Back to My Roots:Brewing Beer: The Double IPA

Don’t worry, relax, have a homebrew.

The Story:

A few years back I brewed a clone of Russian River Brewing Company’s infamous Pliny the Elder double IPA. This brew has a cult following, and many consider it one of the best beers in the world. It is very difficult to attain unless you happen to be north of Los Angeles, CA. After brewing a porter that turned out pretty bad and a lackluster brown ale, I decided I needed to stop messing around and go big. Since my last attempt at the Pliny the Elder clone turned out banging, I decided to try again. I actually find brewing mad hoppy beers to be the most fun brew days. Tossing in hops after hops after hops, lively’s up the room with beautiful aromas.

Hoppy brews are the best. The assortment of aromas wafting through the air just makes one giddy with excitement.

Hoppy brews are the best. The assortment of aromas wafting through the air just makes one giddy with excitement.

The Recipe

The original recipe was derived from an article in a brewing magazine that featured the brewmaster at Russian River. He devised this recipe for home brewers:

7 lb LDE
.60 lb dextrine
.60 lb Crystal 40 L
3.75 oz Columbus @ 90 min
.75 oz Columbus @ 45 minutes
1 oz Simcoe @ 30 min
1 oz Centennial @ 0 min
2.5 oz Simcoe @ 0 min

1 oz Columbus Dry-Hopped 14 days
1 oz Simcoe Dry Hopped 14 days
1 oz Centenial Dry hopped 14 days
.25 oz Columbus Dry hopped 5 days
.25 oz Simcoe Dry Hopped 5 days

American Ale Yeast

I found a new homebrew store hear in Greenville that has a decent selection of ingredients.  Although their hop selection was unique, they had only a few of the hops I needed for this recipe. I decided to completely revamp my recipe due to time constraints and hop availability. So, the Pliny the Elder clone will have to wait for another time. I was actually ok with this because it allowed me to use some hops I’ve never used before, and it became a more personal recipe.

The revamped recipe:

7 lb LDE
.60 lb dextrine
.60 lb Crystal 40 L

3.75 oz Galena @ 90 min
.25 oz Galena @ 45 minutes
.75 oz Centennial @45 minutes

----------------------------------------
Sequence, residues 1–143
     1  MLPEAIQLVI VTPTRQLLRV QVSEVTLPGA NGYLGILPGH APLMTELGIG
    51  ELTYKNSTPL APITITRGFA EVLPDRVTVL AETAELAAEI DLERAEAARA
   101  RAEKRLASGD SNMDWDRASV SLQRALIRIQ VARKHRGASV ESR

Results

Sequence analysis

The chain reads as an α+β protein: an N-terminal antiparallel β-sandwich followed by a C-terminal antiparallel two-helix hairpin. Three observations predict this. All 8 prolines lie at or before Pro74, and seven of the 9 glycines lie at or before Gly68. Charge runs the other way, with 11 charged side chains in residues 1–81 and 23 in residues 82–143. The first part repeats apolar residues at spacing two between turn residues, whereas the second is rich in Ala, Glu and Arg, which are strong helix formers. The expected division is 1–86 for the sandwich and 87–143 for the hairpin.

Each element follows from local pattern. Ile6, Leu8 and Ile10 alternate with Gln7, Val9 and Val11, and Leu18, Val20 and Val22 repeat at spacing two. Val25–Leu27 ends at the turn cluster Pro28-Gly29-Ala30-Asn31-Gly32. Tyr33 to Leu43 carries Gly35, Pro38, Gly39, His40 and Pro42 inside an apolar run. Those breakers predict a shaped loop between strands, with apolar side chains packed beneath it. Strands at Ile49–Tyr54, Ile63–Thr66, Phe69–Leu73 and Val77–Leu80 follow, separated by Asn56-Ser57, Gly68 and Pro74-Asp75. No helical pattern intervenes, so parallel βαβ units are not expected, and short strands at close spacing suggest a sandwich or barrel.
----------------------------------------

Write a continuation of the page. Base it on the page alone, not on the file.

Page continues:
1 oz Cascade @ 30 min
.25 oz Galena @30 min
1 oz Cascade @ 0 min
2.5 oz Centennial @ 0 min

3 oz Centennial Dry Hopped 14 days
1 oz whole leaf Citra Dry Hopped 14 days

Safale US-05 Yeast

The resulting brew would hopefully be 7-8 %, with nice citrus, fruity, and flowery notes. For double IPA’s you need to use enough malt to balance the bitterness imparted by the insane amount of hops. Thus, I’d recommend using at least 7 lbs of DME, or 12-14 pounds of 2-Row. The rest of the grain bill should be quite simple. You want a light bodied beer to allow the hops to come through. However, I like to use a little bit of crystal malt to diversify the bill a bit. Lastly I used dextrine to bump the gravity a bit.

I had never used Galena hops before, but they were listed as a good substitute for Columbus hops so I gave them a try. I figured the citrus characteristics from the Galena and Centennial hops would pair nicely with the grapefruit, fruity, characteristics of the Cascade hops. Additionally, I used Citra whole leaf hops for dry-hopping purposes in order to really intensify the Citrus and Tropical fruit aromas.

Dry-hopping: Racking the fermented brew on top of more hops in order to intensify hop aromas and flavors. Many consider a must if brewing an IPA.

Dry-hopping: Racking the fermented brew on top of more hops in order to intensify hop aromas and flavors. Many consider a must if brewing an IPA.

The Brew: 

DSCN0543

Old Man Double IPA

Old Man Double IPA

Old Man Double IPA


I named this beer the “Old Man Double IPA” . This stems from a theory I have that our father’s generation is obsessed with IPAs and only IPAs. Shout out to my Dad and Uncle! Love ya, but I’m still going to make fun of you for this. Here’s to you!

I’ve been incredibly impressed with the way this brew turned out thus far. The nose on this is exploding with fruity, orange, and citrus notes. The aroma is complimented with lovely flowery, flora, and subtle citrus flavors. My favorite part of the beer is how velvety smooth and fluffy the mouthfeel is.

My only complaint is I would like a thinner body. I most likely mashed at too high a temperature, aiding in the thicker body.

The moral of the story: When in doubt, make the brew your own. I could have ordered ingredients for the Pliny Clone and it probably would have turned out great, but it wouldn’t have felt completely my own. Instead, I was able to experiment with new hops and can now throw this recipe in the “must brew again” pile.

Scheming a chocolate mint stout for the early winter months.

Stay tuned and keep brewing!

Advertisements

Leave a Reply

Fill in your details below or click an icon to log in:

WordPress.com Logo

You are commenting using your WordPress.com account. Log Out /  Change )

Google+ photo

You are commenting using your Google+ account. Log Out /  Change )

Twitter picture

You are commenting using your Twitter account. Log Out /  Change )

Facebook photo

You are commenting using your Facebook account. Log Out /  Change )

Connecting to %s